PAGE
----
Strategy needs good words
This isn’t about storytelling in advertising. I fucking hate the lazy, self-regarding industry rhetoric about storytelling. I fucking hate all that waffle about storytellers and their caves and campfires, the invocation of unnamed ‘ancient storytellers’, and being told that to arouse emotions and change behaviours advertising 'must' tell stories. A gorilla limbers up and starts playing drums. Coloured balls roll down a hill. A man tells us we could smell like him. Gerbils are shot out of a cannon. A fat kid runs down an empty road. A puppy steals a toilet roll. A bronzed man walks down a beach in Speedos. Martians laugh at humans. A man hurtles through the air in a wing suit. Things get distorted when seen through a bottle. A meerkat talks to camera. Young people gather on a hill and sing. Sofas, kitchens, and carpets are offered at low, low prices. An offer must end. If you think that any of this is a story, you need to think, as Andy Nairn has suggested, very long and very hard about the basic ingredients of a good yarn, before telling the world that we spin them for a living. No, this isn’t about fucking storytelling in advertising. It’s about something much more important.
Strategy is narrative
At the end of the day, strategy is the art of getting other people to do something.
In the pursuit of that, narrative (call it ‘storytelling’ if you really must) is the strategist’s tool.
Strategy is narrative.
Strategy explains the world, projecting forwards and imagining an interconnected sequence of events.
It imagines a world in which there is agency, causality, and consequence.
And in doing so strategy imagines a different future.
Strategy then, is an imaginative act.
And narrative is how it thinks, expresses itself, and brings others along.
Which is where words come in.
Whether expressed as conversation, brief, or presentation, strategy is meaningless and powerless without words.
If you can’t put your strategy into words others cannot follow.
This without the accompanying words is utterly meaningless:
(We'll come back to that later).
No amount of curiosity, insight, rigour, listening skills, or creative instinct (all requirements of any planner) can compensate for an inability to express strategy in a way that is concise, comprehensible, persuasive, memorable, and inspiring.
How many strategies one wonders, fail to convince and gain support not because they are inherently bad strategies, but because the narratives they are expressed as are fundamentally unpersuasive?
My guess is rather too many.
Persuasion. It’s the fundamental skill that separates the effective, high-value planners from the mere overhead.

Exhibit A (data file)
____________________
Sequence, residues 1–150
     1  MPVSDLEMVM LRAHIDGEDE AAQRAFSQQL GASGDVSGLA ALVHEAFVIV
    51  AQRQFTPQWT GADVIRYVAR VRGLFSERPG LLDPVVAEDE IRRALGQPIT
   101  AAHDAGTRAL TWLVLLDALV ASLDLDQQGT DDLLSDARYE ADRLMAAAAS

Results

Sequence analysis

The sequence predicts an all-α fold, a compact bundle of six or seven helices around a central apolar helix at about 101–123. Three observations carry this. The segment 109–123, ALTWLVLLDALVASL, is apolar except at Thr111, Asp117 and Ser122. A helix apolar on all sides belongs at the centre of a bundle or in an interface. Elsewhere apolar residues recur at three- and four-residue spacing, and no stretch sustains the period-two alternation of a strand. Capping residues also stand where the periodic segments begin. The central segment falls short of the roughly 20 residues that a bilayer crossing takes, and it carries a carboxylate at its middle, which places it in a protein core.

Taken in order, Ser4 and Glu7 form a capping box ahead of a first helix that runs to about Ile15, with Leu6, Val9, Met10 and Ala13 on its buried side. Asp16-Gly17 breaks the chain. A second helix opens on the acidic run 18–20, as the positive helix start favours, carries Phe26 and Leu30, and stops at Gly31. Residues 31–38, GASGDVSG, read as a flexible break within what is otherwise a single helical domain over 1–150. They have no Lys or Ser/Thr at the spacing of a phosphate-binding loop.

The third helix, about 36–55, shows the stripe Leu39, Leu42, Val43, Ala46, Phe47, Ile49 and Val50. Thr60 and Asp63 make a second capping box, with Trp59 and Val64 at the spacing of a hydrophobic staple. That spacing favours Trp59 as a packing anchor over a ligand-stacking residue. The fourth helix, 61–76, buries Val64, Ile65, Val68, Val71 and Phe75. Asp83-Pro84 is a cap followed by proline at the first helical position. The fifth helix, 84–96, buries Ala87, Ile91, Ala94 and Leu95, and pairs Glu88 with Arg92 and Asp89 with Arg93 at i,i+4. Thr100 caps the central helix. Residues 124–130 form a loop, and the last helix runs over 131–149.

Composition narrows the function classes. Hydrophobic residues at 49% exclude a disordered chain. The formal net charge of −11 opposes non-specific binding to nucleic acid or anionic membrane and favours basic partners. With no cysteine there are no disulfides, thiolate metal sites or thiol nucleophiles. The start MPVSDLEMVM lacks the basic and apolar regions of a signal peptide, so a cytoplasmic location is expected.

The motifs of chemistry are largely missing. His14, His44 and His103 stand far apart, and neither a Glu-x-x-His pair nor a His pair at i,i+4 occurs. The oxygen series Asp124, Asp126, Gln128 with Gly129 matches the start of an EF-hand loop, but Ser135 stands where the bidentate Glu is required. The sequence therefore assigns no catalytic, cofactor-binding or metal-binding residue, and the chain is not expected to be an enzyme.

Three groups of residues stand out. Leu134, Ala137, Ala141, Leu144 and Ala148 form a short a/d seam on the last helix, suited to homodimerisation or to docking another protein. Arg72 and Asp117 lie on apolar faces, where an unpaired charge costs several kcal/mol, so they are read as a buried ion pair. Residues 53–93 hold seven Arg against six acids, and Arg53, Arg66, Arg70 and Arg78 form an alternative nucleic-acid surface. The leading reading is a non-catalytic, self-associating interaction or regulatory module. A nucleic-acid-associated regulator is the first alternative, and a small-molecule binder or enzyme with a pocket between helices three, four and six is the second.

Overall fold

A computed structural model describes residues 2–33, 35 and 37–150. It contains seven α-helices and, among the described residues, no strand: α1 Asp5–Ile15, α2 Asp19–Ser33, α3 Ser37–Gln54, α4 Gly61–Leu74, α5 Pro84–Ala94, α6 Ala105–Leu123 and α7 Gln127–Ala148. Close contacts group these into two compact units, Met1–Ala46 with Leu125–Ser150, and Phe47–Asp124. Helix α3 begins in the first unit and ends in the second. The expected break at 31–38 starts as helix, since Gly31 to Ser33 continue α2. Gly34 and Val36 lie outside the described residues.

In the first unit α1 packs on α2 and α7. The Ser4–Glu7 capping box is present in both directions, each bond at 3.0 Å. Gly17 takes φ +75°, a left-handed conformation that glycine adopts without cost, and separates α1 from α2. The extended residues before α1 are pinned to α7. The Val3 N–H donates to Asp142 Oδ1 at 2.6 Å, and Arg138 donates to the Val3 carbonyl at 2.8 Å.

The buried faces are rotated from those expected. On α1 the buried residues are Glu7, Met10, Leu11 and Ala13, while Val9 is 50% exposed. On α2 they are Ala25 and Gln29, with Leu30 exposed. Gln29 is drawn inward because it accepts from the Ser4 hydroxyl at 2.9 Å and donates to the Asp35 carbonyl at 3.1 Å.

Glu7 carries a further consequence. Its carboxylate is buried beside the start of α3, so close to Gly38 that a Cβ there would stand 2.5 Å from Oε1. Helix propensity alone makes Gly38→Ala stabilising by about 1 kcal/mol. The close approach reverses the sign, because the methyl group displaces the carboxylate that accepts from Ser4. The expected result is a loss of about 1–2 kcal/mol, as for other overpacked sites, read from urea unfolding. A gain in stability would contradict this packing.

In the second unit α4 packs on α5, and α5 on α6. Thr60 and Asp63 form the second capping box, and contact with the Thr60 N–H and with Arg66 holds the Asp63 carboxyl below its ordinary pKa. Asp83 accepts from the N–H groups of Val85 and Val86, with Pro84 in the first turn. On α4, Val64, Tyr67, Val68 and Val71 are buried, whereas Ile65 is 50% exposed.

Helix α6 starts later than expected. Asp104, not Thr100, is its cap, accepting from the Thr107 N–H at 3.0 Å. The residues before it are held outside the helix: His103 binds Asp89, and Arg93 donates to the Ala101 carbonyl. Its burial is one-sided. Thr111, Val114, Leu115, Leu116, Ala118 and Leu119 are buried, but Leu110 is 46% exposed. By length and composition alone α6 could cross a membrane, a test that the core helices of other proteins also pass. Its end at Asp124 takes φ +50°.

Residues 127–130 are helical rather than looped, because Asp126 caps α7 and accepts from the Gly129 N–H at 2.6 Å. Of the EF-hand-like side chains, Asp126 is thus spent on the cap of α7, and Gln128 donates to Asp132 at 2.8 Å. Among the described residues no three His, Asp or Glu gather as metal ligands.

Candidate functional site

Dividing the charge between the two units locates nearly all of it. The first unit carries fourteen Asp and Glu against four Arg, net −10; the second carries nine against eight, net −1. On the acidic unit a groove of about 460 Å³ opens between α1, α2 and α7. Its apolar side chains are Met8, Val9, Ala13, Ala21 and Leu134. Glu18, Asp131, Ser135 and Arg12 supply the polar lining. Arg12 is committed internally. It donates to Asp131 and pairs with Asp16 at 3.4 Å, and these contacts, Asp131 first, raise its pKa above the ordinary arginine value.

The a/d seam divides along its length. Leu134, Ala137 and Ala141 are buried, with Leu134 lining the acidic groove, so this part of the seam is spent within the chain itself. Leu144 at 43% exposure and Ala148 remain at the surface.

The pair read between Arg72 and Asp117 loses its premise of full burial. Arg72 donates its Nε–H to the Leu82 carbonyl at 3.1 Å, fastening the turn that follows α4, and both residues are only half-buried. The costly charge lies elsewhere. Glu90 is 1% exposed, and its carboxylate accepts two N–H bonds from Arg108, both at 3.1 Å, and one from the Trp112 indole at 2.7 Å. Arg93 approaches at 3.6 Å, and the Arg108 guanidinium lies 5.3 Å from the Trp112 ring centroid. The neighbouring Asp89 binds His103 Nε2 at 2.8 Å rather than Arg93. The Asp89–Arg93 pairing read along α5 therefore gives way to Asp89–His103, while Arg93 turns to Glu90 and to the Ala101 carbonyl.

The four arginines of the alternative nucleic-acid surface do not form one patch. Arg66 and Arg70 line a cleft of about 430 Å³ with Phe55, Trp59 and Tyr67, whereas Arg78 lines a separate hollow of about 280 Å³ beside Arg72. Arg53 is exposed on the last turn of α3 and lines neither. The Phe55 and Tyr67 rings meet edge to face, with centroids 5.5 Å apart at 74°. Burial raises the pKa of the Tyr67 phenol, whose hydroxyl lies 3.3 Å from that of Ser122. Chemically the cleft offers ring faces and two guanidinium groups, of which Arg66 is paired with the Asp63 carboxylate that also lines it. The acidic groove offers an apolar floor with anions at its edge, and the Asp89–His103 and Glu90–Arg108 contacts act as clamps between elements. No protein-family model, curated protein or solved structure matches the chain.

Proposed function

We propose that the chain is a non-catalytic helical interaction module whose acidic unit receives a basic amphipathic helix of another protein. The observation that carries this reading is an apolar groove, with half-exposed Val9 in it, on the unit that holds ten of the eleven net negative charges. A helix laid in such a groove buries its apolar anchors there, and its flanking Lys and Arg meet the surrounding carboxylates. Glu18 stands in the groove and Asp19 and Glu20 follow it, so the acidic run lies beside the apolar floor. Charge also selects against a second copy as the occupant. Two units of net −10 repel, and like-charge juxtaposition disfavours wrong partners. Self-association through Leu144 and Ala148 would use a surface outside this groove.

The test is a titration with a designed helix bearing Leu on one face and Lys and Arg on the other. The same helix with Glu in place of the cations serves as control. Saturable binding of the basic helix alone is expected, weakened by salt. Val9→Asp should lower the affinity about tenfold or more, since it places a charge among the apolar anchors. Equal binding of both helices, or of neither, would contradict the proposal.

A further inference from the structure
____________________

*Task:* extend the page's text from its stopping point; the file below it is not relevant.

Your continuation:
And yet for all that, while there’s plenty of advice on brief writing or presentation writing or presenting skills, there does not exactly appear to be an oversupply of advice on the crafting of strategic narratives.
So some observations and advice.
Born of doing it badly.
And seeing it done brilliantly.
Let's first begin with audiences and outcomes.
#1 Know your audience
Now if strategy is rather art of getting other people to do something, then it obviously behoves the strategist to understand his or her audience.
It demands knowing why they are here, if they actually want to be here, what they’ve seen already, what their successes and failures have been, what they know and believe already, what prejudices they carry, what expectations they hold.
After all, indifference towards your audience and the reality in which they live, to paraphrase Dieter Rams, is actually the one and only cardinal sin.
#2 Make action your goal
Your job is not to be the most clever person in the room.
Or to win.
Or to make people feel good about themselves.
Or to download information.
Or to share ‘learnings’.
Or to make the simple complicated.
Or to be a warm-up act for the main event.
It’s to get other people to do something.
Steven Spielberg had long wanted people to experience the dislocation he’d felt as a child of divorced parents. Working back from that, he eventually arrived at the story of E.T.
Strategy thinks backwards.
Be clear on what you want people to do, and work back from that.
#3 Narrative demands jeopardy
Conflict, friction, tension, danger - without them there is no such thing as (or need for) strategy.
In the words of the military historian Professor Lawrence Freedman:
Strategy only comes into being when there is a sense of actual or imminent instability, a changing context that induces a sense of conflict… Strategy therefore starts with an existing state of affairs and only gains meaning by an awareness of how, for better or worse, it could be different.”